The £18m psalm book? 'Act of defiance' by early US settlers could be most expensive written volume ever sold at auction
A modest and well-thumbed book of psalms printed in the New England wilderness by early colonists could become the most expensive written volume ever sold at auction.
The Bay Psalm Book - one of just 11 still in existence - is expected to fetch up to £18m ($30m) when it goes under the hammer at Sotheby's in New York on Tuesday.
Printed as an act of rebellion against the religious leaders of the mother country by the puritan settlers just 20 years after the sailing of the Mayflower, it is the first manuscript to have been written or printed in what is now the United States of America.
The simple English language tome harks back to the original Hebrew translations of the psalms in a bitter rejection of the Latin tradition which the pilgrims left behind.
The original 1,700 copies helped pave the way not just for a separation of churches but eventually sowed the intellectual seeds for Thomas Paine's Common Sense and full blown American independence.
If it reaches its expected upper price tag it would shatter the previous record held by The Birds of America by John James Audubon, a copy of which sold for £7.12m in 2010.
David Redden, chairman of Sotheby's worldwide books, said it would almost certainly remain in the US. "This was a new translation created in an act of defiance of the Church of England," he said.
"It was a very complicated procedure. They were there literally in the wilderness producing a 300-page book. It was designed to be carried in the pocket and taken to church. It is a simple book - not elaborate but designed to be used. In fact they were used to such an extent that many would have simply fallen to pieces," he added.
The book, whose formal title is The Whole Booke of Psalmes Faithfully Translated into English Metre, is one of five originally acquired by the historic Old South Church in Boston, Massachusetts where Benjamin Franklin was baptised. It is selling one of its two remaining copies to fund building and charity work.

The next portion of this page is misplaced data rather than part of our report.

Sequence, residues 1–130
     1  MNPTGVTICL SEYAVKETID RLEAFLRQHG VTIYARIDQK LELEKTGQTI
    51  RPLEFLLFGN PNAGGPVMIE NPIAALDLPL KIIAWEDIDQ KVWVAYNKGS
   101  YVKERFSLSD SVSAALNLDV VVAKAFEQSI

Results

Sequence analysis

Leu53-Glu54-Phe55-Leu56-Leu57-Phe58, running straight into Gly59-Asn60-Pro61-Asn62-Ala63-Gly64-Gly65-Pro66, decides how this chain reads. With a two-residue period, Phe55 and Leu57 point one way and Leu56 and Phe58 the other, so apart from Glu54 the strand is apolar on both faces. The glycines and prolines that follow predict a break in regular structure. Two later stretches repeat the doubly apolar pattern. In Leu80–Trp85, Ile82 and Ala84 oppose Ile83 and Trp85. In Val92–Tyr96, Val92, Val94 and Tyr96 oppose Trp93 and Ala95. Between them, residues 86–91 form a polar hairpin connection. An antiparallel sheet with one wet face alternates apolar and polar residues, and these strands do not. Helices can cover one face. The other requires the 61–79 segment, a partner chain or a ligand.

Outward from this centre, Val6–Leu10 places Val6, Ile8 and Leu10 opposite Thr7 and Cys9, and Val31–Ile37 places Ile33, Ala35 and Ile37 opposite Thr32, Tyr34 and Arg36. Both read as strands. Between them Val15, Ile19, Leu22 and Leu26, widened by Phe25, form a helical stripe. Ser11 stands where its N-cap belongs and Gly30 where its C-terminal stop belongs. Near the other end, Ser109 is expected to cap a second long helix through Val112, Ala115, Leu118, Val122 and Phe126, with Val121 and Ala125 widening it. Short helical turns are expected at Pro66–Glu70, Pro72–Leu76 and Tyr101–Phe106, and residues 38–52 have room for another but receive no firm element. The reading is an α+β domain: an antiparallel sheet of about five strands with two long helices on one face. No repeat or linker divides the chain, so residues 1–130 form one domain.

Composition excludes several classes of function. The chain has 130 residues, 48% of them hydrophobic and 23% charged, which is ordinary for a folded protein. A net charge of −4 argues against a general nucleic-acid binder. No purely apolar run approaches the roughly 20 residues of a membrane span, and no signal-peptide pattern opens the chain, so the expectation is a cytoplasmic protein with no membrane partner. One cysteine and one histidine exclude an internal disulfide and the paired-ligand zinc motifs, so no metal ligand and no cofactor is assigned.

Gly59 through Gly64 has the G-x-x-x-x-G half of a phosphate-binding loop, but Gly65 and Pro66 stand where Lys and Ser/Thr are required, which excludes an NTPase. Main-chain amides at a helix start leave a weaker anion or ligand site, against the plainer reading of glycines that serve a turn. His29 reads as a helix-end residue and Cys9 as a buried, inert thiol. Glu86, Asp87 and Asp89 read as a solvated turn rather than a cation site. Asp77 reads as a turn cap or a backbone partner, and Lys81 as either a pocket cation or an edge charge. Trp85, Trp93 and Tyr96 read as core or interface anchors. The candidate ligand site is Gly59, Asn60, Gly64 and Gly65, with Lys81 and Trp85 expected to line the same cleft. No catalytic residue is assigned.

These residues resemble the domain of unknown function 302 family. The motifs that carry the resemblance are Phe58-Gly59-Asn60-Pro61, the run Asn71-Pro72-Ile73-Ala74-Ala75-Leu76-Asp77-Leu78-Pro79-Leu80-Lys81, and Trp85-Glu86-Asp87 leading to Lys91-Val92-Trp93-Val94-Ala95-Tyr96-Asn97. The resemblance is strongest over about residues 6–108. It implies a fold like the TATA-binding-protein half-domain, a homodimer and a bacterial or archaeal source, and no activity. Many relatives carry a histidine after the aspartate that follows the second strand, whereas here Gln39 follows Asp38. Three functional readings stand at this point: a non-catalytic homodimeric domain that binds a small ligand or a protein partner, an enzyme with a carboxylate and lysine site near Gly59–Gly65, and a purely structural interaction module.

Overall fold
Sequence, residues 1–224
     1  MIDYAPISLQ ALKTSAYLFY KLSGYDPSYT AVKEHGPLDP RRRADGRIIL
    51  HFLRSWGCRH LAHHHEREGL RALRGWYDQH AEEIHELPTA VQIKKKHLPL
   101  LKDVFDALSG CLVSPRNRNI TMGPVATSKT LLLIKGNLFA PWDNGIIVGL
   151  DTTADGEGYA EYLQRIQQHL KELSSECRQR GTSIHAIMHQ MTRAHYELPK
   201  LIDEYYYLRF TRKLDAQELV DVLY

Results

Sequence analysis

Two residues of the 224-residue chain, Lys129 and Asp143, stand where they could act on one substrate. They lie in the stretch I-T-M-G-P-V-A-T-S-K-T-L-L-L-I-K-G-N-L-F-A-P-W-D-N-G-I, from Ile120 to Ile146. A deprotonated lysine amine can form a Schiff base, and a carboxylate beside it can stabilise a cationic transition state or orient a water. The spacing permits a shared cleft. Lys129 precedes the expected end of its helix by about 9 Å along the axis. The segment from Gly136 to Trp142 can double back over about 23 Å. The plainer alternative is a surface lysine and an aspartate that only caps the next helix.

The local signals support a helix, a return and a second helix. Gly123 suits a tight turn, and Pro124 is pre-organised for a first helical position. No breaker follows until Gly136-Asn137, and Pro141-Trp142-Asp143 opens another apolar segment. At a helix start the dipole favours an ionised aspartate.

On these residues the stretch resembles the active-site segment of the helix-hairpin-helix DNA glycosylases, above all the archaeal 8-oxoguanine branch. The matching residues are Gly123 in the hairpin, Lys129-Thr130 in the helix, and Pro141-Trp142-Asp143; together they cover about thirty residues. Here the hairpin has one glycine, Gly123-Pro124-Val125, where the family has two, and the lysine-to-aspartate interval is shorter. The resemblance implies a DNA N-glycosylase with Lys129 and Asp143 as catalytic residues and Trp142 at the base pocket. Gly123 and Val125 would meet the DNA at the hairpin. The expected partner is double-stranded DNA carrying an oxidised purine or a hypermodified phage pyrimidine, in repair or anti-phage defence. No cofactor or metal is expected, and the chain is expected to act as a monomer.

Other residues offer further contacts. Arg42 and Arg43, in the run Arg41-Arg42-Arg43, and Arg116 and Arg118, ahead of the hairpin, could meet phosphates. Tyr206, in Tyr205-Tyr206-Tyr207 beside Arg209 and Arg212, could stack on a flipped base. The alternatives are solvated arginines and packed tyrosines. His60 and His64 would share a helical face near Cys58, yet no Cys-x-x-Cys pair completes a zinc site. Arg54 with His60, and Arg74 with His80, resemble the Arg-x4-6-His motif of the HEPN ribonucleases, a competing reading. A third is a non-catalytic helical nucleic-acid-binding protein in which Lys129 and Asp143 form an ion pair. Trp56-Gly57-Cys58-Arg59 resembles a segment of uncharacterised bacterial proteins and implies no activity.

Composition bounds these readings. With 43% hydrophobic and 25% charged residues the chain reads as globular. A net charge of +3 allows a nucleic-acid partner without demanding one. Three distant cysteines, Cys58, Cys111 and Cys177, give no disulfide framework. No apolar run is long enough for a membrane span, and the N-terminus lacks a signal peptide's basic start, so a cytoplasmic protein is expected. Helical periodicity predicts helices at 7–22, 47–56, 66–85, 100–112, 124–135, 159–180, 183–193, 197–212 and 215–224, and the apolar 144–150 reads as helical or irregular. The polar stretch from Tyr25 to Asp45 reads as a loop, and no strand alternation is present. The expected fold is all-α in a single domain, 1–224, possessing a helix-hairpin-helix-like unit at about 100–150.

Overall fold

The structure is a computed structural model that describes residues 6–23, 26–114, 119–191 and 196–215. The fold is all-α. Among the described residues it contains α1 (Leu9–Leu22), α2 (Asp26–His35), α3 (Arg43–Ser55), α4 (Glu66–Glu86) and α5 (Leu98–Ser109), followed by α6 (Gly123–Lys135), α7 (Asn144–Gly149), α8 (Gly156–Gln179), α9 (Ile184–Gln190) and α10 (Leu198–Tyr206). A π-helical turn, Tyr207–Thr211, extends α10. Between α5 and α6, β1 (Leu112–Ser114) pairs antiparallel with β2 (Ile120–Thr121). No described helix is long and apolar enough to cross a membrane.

A copy of 'The Bay Psalm Book' (Reuters)
The printing press was brought to British North America by a Calvinist minister Josse Glover who died on the long voyage across the Atlantic. Work began in 1639 and was rapidly taken up by local congregations. Massachusetts soon outstripped Oxford and Cambridge to be the largest English language printing centre next to London.
There are a number of errors. The word "psalm" is spelt differently on opposing pages and the work has been described by one expert as "rather shoddy done".
More than 50 editions were later produced as it grew in popularity. However, a copy of the psalms, described as "too rare to collect" has not been sold since 1947 when it set a record outstripping copies of the Gutenberg Bible and Shakespeare's First Folio.
The most recent discovery was in Ireland in the 1930s although other unknown copies are believed to be in existence.
The Bodleian Library in Oxford has a copy. It belonged to Church of England Bishop Thomas Tanner and was one of a number of titles that is said to have been dropped overboard when he was moving his library by riverboat to Oxford. It has since been rebound in green leather. Other copies are held in The Library of Congress, The New York Public Library, Yale University Library and Harvard College Library.
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